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Contains:  Dumbbell nebula, M 27, NGC 6853

Image of the day 07/24/2019

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    The Dumbbell Nebula (Messier 27), 


            Luca Marinelli
    The Dumbbell Nebula (Messier 27)
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    The Dumbbell Nebula (Messier 27)

    Technical card

    Dates:July 7, 2019July 8, 2019July 9, 2019July 10, 2019July 11, 2019

    Astrodon Tru-Balance Gen2 E-Series - B 36mm: 40x45" -20C bin 1x1
    Astrodon Tru-Balance Gen2 E-Series - G 36mm: 40x45" -20C bin 1x1
    Astrodon Tru-Balance Gen2 E-Series - R 36mm: 40x45" -20C bin 1x1
    Astrodon Narrowband 3nm Ha: 39x900" -20C bin 1x1
    Astrodon Narrowband 3nm OIII: 31x900" -20C bin 1x1

    Integration: 19.0 hours

    Darks: ~50

    Flats: ~20

    Bias: ~100

    Avg. Moon age: 7.41 days

    Avg. Moon phase: 50.33%

    Bortle Dark-Sky Scale: 5.00

    Basic astrometry details job: 2791873

    RA center: 19h 59' 35"

    DEC center: +22° 42' 50"

    Pixel scale: 0.669 arcsec/pixel

    Orientation: 179.192 degrees

    Field radius: 0.377 degrees

    Resolution: 3180x2524

    Locations: Home Observatory, Schenectady, New York, United States

    Data source: Backyard


    The Dumbbell Nebula (NGC 6853, Messier 27) was the first planetary nebula to be discovered. Charles Messier first identified it in 1764 and due to its brightness (magnitude 7.5) and size (8 arc-min) is a popular visual target. M27 is approximately 1,300 light-years from Earth in the constellation Vulpecula and is estimated to be roughly 10,000 years old.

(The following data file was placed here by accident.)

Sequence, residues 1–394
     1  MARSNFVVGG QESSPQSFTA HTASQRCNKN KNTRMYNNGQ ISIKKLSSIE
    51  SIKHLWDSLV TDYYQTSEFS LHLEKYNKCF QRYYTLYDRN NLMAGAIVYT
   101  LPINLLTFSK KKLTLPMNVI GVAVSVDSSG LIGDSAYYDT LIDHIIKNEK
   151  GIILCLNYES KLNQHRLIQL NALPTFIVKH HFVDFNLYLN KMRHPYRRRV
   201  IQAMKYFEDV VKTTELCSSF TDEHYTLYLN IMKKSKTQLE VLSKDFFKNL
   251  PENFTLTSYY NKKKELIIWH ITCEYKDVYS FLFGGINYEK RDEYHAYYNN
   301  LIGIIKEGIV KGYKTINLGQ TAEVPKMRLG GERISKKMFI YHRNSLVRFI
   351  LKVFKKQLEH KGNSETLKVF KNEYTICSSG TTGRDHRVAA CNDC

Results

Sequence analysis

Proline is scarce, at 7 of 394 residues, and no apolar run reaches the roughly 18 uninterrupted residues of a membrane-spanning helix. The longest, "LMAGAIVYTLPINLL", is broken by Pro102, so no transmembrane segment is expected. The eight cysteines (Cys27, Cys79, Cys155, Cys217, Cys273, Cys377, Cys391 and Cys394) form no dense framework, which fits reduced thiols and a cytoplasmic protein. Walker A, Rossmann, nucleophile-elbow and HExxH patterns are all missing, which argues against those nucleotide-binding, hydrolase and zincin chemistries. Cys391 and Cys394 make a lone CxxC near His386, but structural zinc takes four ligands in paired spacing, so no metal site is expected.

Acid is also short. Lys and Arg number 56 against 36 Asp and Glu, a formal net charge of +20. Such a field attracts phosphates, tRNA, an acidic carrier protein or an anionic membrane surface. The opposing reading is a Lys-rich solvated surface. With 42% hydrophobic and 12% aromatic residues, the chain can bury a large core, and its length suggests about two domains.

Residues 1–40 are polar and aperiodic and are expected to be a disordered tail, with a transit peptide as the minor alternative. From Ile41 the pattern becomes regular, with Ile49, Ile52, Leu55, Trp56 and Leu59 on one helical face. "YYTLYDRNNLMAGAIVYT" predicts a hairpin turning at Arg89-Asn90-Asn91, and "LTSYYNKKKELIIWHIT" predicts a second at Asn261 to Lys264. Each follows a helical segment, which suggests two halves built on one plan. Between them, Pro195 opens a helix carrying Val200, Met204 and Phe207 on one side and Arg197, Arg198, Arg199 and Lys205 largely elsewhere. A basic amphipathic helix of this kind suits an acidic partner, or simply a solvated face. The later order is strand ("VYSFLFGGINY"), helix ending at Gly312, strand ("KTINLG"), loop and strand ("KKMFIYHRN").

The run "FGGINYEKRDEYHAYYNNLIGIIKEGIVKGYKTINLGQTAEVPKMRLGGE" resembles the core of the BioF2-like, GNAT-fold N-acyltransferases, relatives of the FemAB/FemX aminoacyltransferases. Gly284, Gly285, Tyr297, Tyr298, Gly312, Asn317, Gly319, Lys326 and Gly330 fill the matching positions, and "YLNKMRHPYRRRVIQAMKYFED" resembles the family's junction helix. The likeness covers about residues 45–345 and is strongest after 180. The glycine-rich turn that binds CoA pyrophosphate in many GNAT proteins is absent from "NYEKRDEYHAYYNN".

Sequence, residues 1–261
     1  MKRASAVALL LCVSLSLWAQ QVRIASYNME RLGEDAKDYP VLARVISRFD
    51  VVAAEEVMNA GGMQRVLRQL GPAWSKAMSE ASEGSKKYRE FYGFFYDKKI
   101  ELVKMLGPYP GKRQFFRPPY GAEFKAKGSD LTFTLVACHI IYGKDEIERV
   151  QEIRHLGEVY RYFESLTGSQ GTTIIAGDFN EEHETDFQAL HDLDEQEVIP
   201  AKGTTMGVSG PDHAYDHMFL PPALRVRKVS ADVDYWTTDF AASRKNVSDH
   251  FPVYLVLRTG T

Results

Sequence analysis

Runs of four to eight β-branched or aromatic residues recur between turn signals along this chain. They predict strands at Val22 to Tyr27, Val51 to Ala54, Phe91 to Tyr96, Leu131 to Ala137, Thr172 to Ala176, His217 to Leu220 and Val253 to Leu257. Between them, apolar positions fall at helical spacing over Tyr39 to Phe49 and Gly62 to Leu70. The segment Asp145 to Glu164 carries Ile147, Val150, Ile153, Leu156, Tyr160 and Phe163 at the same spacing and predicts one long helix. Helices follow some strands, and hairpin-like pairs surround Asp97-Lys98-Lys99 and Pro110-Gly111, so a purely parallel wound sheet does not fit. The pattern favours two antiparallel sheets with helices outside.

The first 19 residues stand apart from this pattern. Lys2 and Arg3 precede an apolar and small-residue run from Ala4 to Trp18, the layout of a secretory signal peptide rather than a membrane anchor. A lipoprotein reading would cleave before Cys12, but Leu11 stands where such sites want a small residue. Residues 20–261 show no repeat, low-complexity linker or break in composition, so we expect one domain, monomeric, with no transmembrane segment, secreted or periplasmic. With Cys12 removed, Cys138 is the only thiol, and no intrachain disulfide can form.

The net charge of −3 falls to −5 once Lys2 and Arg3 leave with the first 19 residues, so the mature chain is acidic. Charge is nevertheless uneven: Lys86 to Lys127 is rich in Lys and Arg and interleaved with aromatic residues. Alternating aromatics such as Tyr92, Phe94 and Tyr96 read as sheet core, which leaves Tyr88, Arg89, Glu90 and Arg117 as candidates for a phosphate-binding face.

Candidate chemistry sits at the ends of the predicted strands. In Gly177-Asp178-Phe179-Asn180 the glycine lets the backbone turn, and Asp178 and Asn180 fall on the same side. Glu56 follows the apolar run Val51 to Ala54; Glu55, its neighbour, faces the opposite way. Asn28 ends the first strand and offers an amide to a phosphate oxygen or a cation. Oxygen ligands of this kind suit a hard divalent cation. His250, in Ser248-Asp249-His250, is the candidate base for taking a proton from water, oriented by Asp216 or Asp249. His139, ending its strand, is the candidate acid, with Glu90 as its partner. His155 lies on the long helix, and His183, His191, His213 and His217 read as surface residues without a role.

Planetary nebulas are the result of the shedding of outer layers from a low-mass red giant as it ends its life. At the center of the gas cloud of the planetary nebula is a white dwarf, the incredibly dense leftover core of the original red giant with no nuclear activity left having burned off all nuclear fuel. The white dwarf in M27 is estimated to have a radius of roughly 0.055 solar radii and a mass of 0.56 solar masses.

    My data presented here was acquired over four nights with unusually good seeing for the Northeastern USA. The integrated Ha and OIII masters had a FWHM of ~2.4 arc-sec, prior to any deconvolution. In spite of the bright RGB signal of this object, I chose to acquire narrowband Ha and OIII channels to highlight the structure in the central region of the planetary nebula and the fainter outer rings. In the central region a few of the larger cometary knots (dark structures with cusped tails) can be resolved.

    To enhance the presentation, I replaced star color with RGB data.



    Luca Marinelli
    License: None (All rights reserved)

    Sky plot

    Sky plot


    The Dumbbell Nebula (Messier 27), 


            Luca Marinelli